A 15-year-old college student from Oaxaca is about to commercially launch his first video game through his own software company.
Carlos Avendaño Soria, from Santa Cruz Xoxocotlán in the metropolitan area of the city of Oaxaca, is ready to launch Black Jump, a game he created for Android and iOS mobile devices.
It is the first product of his own software firm, Arsent, and is already registered with the Mexican Institute of Industrial Property (IMPI).
During elementary school Avendaño found it impossible to adapt, barely achieving passing grades and facing bullying and discrimination by his schoolmates.
The story repeated itself during three years of secondary school, during which he went through three different schools.
“I felt out of sync with my schoolmates and the academic model. I then decided to detach myself; I had little interest in the classes and felt depressed,” he told the news agency Notimex.
Restless by nature, Avendaño tried to investigate what was wrong with him. When he found Cedat, the Talent Assistance Center in Mexico City, many questions were finally answered.
Cedat specialists tested the boy’s skills last year, finding his intelligence quotient (IQ) was 130 points, ranking him above 98% of the population.
He then surprised his mother, Nelly Soria Pérez, by presenting her with a preparatory school diploma he had earned through an “open education” system in just three months.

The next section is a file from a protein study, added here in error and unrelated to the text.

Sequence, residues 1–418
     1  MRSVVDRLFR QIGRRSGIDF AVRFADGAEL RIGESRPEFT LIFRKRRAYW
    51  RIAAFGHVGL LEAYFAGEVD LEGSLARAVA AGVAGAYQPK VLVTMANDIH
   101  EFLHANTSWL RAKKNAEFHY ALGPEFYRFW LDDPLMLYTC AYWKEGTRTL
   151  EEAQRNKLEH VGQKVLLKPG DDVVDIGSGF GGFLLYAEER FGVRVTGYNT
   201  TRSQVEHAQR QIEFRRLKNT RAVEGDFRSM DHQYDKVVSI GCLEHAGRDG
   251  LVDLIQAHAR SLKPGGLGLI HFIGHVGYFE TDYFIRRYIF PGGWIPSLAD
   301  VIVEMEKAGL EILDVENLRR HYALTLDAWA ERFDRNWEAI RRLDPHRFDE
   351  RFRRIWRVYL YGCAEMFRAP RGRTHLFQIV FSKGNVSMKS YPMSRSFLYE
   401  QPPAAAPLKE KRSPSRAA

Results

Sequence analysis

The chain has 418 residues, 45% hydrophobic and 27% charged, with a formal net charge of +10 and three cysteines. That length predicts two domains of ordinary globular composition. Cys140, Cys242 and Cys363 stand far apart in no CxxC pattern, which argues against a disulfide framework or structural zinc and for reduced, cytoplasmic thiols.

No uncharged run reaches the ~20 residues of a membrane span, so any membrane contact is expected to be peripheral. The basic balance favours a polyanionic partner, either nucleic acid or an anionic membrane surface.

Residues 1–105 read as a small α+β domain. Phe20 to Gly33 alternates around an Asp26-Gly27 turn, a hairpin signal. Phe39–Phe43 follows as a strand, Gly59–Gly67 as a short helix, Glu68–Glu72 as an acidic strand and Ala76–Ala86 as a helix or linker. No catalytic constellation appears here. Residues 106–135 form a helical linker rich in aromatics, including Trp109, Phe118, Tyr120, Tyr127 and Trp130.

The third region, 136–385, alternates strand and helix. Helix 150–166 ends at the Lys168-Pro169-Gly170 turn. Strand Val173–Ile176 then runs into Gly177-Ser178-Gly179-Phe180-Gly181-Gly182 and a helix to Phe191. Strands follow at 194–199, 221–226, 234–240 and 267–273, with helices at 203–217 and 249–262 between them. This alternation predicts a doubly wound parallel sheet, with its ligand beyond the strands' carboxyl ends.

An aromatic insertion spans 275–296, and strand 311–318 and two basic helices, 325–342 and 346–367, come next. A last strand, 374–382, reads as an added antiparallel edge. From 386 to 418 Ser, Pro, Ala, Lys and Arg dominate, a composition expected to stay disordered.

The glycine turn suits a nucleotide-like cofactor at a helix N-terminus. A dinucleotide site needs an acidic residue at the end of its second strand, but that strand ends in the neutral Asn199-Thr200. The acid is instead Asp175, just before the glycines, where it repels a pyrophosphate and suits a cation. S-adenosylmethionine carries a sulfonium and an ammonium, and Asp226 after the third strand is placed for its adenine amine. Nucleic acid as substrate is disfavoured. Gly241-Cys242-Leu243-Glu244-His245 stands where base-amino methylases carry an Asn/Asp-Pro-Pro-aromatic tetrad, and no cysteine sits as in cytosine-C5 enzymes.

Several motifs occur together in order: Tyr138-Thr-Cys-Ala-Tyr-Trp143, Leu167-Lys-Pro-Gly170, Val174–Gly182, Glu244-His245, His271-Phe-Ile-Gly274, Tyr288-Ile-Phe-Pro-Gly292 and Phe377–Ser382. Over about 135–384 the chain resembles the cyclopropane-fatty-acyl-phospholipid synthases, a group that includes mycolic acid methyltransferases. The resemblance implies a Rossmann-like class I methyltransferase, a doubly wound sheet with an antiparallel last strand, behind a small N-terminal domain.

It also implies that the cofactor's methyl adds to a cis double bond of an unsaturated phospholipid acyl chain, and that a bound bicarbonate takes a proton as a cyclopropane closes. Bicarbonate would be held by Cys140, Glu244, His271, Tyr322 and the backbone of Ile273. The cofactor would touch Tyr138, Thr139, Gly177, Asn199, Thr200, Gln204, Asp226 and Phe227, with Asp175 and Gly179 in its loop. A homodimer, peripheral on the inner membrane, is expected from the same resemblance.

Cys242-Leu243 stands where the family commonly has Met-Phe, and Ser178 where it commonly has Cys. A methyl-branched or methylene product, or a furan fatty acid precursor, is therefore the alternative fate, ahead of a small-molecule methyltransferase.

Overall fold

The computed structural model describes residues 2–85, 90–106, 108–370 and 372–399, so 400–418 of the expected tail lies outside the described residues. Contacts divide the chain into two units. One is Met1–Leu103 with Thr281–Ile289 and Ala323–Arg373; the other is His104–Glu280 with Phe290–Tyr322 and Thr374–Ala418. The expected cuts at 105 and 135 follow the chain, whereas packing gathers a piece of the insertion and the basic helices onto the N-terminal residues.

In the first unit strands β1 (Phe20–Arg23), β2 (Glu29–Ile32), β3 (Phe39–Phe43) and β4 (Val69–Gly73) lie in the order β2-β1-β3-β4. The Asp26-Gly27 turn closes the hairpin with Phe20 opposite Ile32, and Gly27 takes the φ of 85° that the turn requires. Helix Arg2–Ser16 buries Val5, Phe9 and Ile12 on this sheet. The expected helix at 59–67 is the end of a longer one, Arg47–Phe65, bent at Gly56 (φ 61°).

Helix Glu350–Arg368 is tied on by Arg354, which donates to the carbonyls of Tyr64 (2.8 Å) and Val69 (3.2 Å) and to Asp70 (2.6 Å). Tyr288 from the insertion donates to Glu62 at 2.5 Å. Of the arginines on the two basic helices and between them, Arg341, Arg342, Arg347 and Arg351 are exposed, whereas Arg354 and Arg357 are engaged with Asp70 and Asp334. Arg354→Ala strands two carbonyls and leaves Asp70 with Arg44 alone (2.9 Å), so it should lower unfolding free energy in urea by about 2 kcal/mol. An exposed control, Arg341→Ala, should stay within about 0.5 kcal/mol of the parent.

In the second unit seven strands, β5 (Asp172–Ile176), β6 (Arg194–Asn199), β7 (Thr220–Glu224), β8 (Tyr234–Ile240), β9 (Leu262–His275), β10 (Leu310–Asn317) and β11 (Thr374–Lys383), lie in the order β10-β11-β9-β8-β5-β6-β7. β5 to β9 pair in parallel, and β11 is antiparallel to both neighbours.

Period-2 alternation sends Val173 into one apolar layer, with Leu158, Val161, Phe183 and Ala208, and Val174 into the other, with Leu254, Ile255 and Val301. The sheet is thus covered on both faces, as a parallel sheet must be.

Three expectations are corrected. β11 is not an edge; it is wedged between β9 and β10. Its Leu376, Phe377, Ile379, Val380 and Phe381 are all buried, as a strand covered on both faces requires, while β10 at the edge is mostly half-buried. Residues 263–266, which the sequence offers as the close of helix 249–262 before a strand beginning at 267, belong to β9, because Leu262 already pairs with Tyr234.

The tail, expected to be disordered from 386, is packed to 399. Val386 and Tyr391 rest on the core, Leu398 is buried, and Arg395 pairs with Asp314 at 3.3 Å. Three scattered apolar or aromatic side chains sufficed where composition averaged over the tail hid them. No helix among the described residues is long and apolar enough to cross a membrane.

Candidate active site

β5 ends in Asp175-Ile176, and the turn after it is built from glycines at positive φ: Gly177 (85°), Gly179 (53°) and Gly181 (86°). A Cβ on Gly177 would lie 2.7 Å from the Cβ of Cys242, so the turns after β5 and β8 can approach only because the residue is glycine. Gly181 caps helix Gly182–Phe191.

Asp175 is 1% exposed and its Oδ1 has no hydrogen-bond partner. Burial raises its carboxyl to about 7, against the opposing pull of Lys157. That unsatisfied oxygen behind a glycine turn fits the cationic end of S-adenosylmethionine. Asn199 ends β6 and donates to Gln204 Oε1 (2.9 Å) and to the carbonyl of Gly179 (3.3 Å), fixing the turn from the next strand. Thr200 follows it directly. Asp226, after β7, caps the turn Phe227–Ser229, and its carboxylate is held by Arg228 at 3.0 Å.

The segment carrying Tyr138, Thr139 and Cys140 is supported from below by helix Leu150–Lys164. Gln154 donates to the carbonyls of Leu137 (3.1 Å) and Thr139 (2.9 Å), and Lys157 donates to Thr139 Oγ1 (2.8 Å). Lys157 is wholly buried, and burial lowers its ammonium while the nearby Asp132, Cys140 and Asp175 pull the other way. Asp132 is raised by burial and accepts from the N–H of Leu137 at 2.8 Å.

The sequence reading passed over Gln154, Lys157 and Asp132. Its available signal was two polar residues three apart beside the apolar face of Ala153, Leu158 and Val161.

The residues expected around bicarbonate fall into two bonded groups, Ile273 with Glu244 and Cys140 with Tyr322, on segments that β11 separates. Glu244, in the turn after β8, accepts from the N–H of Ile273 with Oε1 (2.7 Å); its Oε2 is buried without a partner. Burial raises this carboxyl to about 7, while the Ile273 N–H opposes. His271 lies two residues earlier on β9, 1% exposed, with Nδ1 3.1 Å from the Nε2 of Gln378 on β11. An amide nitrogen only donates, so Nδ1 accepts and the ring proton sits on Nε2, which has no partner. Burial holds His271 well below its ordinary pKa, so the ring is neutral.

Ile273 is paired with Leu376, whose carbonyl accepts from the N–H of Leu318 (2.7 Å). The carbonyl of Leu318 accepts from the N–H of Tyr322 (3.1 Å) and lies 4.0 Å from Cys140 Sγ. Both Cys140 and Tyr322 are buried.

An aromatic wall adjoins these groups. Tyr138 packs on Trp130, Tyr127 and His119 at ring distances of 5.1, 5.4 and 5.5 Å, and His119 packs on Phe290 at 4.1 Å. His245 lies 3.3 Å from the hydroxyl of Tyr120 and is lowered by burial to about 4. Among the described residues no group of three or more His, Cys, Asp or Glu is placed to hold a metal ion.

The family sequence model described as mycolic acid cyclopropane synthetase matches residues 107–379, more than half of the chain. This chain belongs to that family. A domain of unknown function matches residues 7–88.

Students of the system are given a list of assignments but can study at their own pace and present tests accordingly. Avendaño presented — and passed — three or four subjects per week.
After 12 weeks he had completed 48 subjects and earned a final average score of nine, a feat that made him feel “accomplished, happy and with a lot of energy to move forward.”
A few months ago Avendaño enrolled in the Latin American Technological University (Utel), an online institution with the perfect study plan for the young college student.
“I like that it’s online because I organize my own schedule and avoid depending on a teacher’s planning, which I think is sometimes a limitation,” he said.
Avendaño doesn’t know yet how to achieve his next goal, but he is set on helping exceptionally gifted children like himself because he believes they represent Mexico’s and the world’s future.
“I know there are many obstacles, because I faced them, but you must believe in yourself and in your dreams. Sometimes the world is against us, but we have to decide if we want to take the risk.”
Source: El Universal (sp)